There's good news on the horizon for the 80% of workers who expect their 401(k) accounts to serve as their most important source of retirement income. Contribution limits for 401(k) accounts are rising in 2018, so you can sock away more tax-free cash for your retirement. 

Whether you're currently maxing out your 401(k) contributions or are looking for ways to save more in the New Year, you can find out everything you need to know right here about the new rules for 401(k) investments in 2018. 

401(k) letters next to a piggy bank

Image source: Getty Images.

What are the maximum 401(k) contribution limits for 2018?

The maximum contribution limit for 401(k) accounts in 2018 is rising to $18,500 for elective contributions, up from $18,000 in 2017. Elective contributions are money you choose to have withheld from your paycheck and invested for retirement.  

For older workers 50 and up, additional catch-up contributions are permitted. Catch up contributions are additional elective contributions older workers can make on top of the $18,500 every eligible worker can invest. In 2017, older workers were allowed to make catch-up contributions of $6,000.  This amount did not increase in 2018, so workers 60 and over will be allowed to contribute a maximum of $24,500 in elective contributions in 2018, compared with $24,000 in 2017.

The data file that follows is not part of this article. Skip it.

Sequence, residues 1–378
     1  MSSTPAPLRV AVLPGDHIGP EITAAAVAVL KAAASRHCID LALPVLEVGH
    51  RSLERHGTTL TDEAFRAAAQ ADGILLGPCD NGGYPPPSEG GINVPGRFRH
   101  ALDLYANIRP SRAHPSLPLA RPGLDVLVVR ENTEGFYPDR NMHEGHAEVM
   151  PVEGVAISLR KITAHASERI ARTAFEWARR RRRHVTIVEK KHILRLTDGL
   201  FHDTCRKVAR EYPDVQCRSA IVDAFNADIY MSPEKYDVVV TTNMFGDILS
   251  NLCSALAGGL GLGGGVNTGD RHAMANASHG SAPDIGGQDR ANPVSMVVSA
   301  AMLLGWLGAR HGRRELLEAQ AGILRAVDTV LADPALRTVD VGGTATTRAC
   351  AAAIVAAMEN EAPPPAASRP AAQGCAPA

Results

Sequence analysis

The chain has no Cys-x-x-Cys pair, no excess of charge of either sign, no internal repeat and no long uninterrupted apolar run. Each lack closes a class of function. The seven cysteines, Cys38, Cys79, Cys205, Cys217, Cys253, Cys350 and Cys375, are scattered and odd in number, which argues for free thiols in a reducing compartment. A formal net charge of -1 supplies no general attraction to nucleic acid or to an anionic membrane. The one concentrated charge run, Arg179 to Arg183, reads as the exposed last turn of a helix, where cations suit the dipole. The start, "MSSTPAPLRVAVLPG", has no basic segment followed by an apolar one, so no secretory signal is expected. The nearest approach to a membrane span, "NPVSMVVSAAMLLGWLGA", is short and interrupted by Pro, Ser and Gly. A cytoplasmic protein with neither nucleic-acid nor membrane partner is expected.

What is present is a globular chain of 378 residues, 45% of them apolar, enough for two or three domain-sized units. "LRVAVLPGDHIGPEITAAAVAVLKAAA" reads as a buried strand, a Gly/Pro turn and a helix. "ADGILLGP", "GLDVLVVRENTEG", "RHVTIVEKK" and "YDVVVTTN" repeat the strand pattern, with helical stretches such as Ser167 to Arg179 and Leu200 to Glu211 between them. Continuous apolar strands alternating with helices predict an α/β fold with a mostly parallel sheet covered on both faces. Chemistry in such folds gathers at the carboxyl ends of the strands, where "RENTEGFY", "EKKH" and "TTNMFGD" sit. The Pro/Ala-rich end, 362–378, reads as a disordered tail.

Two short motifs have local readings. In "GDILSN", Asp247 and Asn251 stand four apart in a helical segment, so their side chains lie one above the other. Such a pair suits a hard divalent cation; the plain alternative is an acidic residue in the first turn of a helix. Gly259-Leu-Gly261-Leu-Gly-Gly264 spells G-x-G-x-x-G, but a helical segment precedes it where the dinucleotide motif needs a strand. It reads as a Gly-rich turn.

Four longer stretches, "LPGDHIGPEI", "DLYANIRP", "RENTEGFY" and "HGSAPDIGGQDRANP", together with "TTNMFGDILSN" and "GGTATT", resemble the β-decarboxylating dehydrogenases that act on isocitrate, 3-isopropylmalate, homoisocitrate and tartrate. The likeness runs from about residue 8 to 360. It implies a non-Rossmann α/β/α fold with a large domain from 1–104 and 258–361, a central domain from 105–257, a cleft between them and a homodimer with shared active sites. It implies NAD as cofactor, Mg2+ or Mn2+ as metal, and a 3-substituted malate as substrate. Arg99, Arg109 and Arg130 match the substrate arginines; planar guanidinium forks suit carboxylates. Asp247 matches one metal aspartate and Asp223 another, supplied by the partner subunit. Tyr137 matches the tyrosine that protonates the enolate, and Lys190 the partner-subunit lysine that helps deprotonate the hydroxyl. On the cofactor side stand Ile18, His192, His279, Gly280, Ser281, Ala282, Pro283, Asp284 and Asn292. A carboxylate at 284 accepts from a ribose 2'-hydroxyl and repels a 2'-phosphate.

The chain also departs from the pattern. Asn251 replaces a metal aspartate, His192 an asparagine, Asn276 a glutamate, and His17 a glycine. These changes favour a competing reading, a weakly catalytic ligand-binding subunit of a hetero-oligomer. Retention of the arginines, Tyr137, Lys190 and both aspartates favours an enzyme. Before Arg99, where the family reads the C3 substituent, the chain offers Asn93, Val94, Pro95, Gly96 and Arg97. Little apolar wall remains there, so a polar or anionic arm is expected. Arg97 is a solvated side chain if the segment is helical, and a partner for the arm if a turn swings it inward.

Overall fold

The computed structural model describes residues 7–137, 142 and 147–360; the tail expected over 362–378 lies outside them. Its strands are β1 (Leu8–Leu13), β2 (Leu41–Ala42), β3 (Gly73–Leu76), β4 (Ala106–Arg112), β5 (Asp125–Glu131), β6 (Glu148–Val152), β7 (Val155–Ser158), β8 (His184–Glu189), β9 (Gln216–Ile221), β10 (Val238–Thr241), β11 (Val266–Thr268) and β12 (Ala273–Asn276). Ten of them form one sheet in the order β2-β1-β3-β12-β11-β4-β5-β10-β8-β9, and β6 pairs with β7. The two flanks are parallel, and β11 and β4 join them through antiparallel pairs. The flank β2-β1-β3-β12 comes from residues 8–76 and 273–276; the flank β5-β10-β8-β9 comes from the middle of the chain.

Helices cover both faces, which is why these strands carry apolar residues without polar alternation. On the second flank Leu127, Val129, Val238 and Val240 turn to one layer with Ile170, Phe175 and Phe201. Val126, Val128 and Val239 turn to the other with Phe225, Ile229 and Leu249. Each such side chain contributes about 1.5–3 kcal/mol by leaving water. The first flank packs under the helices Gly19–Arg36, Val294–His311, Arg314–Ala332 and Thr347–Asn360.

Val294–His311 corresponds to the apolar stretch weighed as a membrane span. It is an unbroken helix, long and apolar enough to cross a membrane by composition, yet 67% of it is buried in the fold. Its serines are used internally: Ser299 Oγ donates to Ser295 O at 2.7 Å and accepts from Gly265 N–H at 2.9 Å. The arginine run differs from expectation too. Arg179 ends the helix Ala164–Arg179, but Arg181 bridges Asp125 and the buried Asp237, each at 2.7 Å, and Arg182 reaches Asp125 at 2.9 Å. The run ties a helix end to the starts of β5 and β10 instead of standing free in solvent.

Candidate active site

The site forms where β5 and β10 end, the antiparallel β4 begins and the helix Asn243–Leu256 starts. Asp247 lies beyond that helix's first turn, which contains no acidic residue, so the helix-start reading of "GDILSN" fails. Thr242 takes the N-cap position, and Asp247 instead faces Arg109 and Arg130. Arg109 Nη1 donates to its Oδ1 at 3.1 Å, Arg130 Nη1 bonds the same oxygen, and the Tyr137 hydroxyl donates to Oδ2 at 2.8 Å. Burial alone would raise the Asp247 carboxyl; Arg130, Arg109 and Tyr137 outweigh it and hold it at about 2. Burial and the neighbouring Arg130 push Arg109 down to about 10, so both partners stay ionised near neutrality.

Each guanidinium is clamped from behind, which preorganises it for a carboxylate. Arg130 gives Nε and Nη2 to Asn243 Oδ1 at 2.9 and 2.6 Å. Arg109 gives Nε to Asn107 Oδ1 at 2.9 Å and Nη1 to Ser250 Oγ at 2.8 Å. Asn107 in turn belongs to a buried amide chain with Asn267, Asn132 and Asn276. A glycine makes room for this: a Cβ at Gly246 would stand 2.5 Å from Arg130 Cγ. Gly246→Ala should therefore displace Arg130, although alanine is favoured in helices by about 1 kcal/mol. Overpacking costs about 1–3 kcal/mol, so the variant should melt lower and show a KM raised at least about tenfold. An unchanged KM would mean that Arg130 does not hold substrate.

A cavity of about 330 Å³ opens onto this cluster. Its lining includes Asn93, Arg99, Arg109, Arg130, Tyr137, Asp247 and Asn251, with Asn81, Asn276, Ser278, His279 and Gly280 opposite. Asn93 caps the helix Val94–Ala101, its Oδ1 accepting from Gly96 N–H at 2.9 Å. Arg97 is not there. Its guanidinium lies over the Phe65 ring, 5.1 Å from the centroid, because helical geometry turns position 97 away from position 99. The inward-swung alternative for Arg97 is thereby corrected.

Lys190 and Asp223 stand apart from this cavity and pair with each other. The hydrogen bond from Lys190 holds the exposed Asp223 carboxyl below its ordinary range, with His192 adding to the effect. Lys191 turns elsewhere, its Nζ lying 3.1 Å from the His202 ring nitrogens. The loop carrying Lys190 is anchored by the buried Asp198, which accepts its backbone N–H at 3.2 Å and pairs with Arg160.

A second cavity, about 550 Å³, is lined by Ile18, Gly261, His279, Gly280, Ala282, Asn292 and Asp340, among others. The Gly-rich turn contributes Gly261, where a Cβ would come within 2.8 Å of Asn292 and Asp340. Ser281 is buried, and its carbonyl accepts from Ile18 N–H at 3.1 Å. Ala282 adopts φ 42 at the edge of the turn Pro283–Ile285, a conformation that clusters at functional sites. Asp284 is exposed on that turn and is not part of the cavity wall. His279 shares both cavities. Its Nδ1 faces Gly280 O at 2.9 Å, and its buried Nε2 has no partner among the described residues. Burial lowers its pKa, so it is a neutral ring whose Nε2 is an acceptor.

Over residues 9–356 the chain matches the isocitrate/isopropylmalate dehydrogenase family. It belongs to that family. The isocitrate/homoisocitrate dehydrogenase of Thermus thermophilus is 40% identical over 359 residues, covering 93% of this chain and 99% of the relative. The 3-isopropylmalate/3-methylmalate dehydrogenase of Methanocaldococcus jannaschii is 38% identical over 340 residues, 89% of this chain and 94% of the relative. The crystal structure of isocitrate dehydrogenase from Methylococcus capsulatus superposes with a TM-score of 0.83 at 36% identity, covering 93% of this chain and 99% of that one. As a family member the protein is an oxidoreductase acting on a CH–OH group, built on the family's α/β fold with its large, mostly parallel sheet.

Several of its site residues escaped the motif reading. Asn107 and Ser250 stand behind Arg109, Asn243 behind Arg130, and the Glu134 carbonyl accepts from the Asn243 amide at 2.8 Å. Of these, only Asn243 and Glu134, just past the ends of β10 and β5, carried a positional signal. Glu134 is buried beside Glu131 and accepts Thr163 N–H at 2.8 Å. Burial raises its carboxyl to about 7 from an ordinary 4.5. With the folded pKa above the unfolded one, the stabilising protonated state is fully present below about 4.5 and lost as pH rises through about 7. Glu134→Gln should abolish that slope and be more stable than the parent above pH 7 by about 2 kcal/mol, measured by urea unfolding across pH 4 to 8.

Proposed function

Matching contributions from employers, non-elective contributions, and allocations of forfeitures are not counted in the $18,500 or in the $24,500 maximum elective contributions. However, there is a total limit for all contributions from all sources. This limit is also rising $1,000 in 2018 compared with 2017. The new maximum contribution from all sources will be $55,000 for workers under 50, and $61,000 for workers 50 and over. 

Contribution Type

2018 Limit

2017 Limit


Elective contributions for all eligible workers




Catch-up contributions for workers 50 & over



No Change

Total elective contributions for workers 50 & over




Defined contribution maximum from all sources for workers under 50




Defined contribution maximum from all sources for workers 50 & over




Data Source: IRS

How much additional tax savings will you realize?

Investing with pre-tax funds provides substantial savings for taxpayers. The extent of your tax savings depends on your tax bracket. For taxpayers previously maxing out their 401(k) accounts who can now contribute an additional $500 in pre-tax funds, this chart shows the additional tax savings based on individual tax brackets.